US Bank Closures
The current economic crisis has rocked Wall Street, not a day goes by where there doesn't seem to be further news regarding the dismal state of the US banking system.
And while plenty has been reported regarding the $700 billion Troubled Asset Relief Program (TARP), the recipients have largely been massive financial services institutions. This means that while we now all know what state major players like Citgroup and Bank of America are in, its often the case that smaller institutions are left floundering.
In fact, while many critics of the financial crisis suggested TARP came about because banks had simply become too important to fail, the Federal Depost Insurance Corporation (FDIC) has actually closed a total of 89 banks since the beginning of 2009 - all of them smaller, and therefore more vulnerable, to the impacts of the financial crisis.
The latest casualties came on Friday of last week, when regulators shut down banks across Missouri, Illinois, Iowa and Arizona. These included First Bank of Kansas City with $16 million in assets and $15 million in deposits and Iowa-based Vantus Bank with $458 million in assets and $368 million in deposits. Two banks followed in Illinois: InBank and Platinum Community Bank; and the hit list was rounded off with First State Bank in Flagstaff, Arizona, which had $105 million in assets and deposits totaling $95 million.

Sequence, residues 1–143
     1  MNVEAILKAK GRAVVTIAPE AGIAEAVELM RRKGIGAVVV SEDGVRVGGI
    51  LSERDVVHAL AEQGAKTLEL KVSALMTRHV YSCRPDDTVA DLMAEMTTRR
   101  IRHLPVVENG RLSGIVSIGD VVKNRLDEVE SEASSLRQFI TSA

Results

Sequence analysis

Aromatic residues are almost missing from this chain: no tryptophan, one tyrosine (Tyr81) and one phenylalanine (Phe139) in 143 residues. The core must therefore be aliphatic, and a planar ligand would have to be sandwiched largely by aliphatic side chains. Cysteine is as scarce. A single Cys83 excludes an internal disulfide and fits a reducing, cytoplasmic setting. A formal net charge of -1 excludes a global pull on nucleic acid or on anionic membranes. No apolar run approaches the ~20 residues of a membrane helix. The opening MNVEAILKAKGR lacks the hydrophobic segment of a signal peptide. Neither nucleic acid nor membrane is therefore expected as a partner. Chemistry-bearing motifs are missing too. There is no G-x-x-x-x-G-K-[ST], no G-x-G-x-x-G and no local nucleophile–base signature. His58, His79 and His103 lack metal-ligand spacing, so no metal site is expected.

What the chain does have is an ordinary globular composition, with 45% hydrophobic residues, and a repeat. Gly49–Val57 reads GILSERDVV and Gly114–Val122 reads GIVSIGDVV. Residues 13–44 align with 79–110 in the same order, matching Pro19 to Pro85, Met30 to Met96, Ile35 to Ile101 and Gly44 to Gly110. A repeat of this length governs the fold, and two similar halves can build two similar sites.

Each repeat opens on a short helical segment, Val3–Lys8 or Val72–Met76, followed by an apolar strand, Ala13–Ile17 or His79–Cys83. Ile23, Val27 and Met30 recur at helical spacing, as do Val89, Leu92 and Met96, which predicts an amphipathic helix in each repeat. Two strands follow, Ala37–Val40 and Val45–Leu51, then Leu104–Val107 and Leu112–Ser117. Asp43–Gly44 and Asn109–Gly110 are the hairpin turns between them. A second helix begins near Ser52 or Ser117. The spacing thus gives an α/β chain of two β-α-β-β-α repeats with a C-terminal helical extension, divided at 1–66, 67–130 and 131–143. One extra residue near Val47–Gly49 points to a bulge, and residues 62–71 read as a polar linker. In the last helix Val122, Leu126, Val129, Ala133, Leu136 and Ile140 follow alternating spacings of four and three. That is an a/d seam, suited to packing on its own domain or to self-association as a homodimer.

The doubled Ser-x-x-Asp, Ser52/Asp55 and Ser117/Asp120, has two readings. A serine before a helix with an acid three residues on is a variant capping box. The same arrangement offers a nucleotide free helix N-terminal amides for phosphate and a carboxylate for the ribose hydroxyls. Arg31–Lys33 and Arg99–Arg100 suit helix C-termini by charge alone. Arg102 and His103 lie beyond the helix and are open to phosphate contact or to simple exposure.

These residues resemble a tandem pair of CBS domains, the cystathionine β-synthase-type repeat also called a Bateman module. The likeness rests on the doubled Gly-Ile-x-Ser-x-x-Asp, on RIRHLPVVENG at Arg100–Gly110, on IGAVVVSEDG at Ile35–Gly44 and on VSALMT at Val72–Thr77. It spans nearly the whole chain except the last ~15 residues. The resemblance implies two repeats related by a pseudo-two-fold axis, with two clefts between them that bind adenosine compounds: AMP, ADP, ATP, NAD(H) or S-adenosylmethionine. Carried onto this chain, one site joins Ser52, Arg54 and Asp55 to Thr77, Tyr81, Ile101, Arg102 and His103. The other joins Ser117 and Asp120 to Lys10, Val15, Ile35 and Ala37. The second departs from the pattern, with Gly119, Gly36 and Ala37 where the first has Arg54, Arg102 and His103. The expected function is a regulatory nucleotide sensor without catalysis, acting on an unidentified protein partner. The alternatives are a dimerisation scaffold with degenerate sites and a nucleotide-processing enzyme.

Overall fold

The reasons for the recent closures were varied, with some banks seeing their assets being acquired by other banks (First Bank of Kansas City's deposits, for instance, will be assumed by Great American Bank based in De Soto, Kansas and its sole branch will re-open next Saturday as a branch of Great American Bank)
While in the case of Platinum Community Bank, the FDIC revealed that another bank could not be found to take over either branches or deposits and instead the FDIC will pay out insured deposits at Platinum Community Bank, while government direct deposits will be handled by a Palatine, Illinois-based branch of MB Financial Bank.
The news for smaller banks gets worse, however, given that, while the irrepressible might of Wall Street's giants is set to continue, hundreds more banks are expected to fail in the next few years because of unsteady loans for commercial real estate. In fact, according to the FDIC's confidential "problem list" of banks, the number of entrants jumped to 416 at the end of June from just 305 in the first quarter of the year, worryingly marking the highest number since 1994, at the height of the savings-and-loan crisis.
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